may be less than healthy, unless you're ready to replace them with technology.
As competition intensifies, increasing numbers of executives are realizing that customer service may have a more important role now than just placating regulators. After all, the broad spectrum of customer service is the principal way (em other than rates (em to differentiate a utility product and the utility itself.
Executives face the added pressure of trying to maintain profitability to retain shareholder value. One popular way to do that has been through downsizing, a process that has cut thousands of jobs and selected assets from the electric, natural gas, and telecommunications industries in recent years. One of the most recent and most dramatic downsizings: AT&T and its decision to cut 40,000 jobs during 1996 for competitive purposes. Reported job cuts in the telecommunications industry are approaching 200,000 positions.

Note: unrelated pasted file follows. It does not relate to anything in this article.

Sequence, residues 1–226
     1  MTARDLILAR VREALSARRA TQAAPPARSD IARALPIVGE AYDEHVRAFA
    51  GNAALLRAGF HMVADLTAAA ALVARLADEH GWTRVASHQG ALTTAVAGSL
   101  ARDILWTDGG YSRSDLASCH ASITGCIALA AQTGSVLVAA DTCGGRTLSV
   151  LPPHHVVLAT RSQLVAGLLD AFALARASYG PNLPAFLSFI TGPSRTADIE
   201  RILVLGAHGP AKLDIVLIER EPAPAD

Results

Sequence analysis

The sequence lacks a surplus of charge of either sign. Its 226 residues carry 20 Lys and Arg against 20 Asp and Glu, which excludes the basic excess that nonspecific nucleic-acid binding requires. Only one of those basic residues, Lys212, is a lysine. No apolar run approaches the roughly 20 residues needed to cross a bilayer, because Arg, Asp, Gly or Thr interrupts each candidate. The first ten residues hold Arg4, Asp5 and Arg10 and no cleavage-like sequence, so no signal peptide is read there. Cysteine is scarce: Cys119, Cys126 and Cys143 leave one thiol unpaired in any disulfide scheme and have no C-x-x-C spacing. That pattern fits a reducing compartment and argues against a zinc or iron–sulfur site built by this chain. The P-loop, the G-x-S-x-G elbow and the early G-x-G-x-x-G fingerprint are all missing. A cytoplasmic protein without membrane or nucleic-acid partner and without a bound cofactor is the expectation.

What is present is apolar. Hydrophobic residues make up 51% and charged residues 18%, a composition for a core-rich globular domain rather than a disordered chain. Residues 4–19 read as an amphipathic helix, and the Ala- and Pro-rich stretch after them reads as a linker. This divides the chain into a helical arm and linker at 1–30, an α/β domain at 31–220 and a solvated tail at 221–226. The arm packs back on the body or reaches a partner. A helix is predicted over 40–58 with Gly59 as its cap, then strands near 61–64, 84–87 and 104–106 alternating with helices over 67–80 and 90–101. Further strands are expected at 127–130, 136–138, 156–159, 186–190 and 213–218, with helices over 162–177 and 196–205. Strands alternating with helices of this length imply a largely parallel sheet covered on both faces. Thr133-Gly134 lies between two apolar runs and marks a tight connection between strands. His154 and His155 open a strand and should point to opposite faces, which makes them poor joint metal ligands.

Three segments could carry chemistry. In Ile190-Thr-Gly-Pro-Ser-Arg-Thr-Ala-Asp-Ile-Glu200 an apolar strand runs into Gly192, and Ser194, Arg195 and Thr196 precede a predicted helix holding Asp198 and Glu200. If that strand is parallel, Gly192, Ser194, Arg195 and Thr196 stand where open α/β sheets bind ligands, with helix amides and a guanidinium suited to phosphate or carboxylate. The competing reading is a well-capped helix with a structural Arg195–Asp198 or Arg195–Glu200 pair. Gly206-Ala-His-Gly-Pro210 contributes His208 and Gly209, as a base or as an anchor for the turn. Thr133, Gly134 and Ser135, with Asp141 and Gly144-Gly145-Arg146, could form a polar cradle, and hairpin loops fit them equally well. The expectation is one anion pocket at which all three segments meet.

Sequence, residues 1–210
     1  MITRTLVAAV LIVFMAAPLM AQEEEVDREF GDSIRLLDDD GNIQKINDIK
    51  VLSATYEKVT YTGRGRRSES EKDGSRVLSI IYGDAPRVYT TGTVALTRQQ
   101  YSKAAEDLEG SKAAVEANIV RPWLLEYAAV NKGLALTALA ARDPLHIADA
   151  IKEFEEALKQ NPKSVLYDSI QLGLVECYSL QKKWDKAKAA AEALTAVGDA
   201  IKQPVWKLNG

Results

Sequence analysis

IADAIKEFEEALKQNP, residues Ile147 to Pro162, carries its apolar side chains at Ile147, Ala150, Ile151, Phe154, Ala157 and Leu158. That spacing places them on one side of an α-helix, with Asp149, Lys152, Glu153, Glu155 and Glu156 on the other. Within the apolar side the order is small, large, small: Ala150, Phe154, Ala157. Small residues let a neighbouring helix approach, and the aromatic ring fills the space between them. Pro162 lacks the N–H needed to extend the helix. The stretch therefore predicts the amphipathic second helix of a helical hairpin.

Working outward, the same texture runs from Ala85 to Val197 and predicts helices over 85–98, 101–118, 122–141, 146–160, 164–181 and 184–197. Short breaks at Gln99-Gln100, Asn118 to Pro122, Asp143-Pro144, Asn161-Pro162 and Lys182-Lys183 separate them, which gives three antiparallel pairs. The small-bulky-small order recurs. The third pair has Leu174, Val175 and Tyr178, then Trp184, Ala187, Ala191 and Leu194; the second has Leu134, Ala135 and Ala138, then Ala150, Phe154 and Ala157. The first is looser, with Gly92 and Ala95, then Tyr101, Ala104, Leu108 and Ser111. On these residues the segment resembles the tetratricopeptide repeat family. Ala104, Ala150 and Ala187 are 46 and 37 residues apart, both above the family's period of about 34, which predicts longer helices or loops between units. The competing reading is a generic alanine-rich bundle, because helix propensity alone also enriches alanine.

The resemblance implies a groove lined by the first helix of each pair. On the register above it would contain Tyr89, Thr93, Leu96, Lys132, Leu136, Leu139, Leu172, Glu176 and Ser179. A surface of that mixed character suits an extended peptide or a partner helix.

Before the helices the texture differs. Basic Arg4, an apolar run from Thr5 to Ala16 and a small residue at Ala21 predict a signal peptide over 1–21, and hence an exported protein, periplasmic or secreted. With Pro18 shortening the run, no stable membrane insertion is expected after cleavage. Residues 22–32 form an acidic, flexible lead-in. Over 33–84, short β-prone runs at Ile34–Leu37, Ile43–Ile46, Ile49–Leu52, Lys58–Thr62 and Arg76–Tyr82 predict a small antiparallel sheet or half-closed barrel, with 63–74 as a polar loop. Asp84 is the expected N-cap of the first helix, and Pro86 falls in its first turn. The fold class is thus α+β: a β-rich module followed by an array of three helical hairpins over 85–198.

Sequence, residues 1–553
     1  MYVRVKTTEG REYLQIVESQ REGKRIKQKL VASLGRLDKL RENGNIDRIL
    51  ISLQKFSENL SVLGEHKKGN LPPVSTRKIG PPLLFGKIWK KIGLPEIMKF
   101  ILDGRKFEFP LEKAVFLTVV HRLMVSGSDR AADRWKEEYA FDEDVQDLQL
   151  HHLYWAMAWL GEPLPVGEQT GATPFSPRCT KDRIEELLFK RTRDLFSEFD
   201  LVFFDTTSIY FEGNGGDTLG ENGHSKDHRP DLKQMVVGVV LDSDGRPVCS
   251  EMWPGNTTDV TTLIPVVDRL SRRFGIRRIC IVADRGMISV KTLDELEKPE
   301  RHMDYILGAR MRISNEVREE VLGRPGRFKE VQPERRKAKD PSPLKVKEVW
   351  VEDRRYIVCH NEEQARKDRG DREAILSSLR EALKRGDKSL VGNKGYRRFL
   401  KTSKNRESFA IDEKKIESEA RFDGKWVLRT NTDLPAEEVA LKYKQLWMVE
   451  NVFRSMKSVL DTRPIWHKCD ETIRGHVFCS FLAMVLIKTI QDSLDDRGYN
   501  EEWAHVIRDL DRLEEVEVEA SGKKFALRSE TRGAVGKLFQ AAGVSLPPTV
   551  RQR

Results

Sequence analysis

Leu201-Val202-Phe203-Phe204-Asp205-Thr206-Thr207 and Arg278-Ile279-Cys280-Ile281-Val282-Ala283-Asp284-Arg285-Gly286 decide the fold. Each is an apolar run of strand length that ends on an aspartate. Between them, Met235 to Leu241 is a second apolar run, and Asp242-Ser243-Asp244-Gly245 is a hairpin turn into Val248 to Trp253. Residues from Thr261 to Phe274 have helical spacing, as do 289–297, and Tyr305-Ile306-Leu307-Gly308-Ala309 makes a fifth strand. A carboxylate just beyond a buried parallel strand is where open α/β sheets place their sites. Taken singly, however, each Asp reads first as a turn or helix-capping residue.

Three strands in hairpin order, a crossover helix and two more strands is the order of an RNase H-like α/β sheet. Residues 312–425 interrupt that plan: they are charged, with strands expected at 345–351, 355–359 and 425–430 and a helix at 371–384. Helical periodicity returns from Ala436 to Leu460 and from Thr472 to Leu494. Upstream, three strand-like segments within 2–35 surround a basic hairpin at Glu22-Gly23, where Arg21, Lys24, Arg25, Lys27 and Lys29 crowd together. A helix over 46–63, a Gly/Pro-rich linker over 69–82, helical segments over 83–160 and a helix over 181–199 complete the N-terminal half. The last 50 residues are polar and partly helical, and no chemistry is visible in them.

Eliminating mid-level utility managers helps strengthen the bottom line of electric, natural gas, and telecommunications companies in the short term. In the long term, however, the loss of these positions could create a decision-support vacuum (em a missing link in the communications channel between upper-level managers, field service crews, business unit managers, and customer representatives. This vacuum represents a downside of downsizing.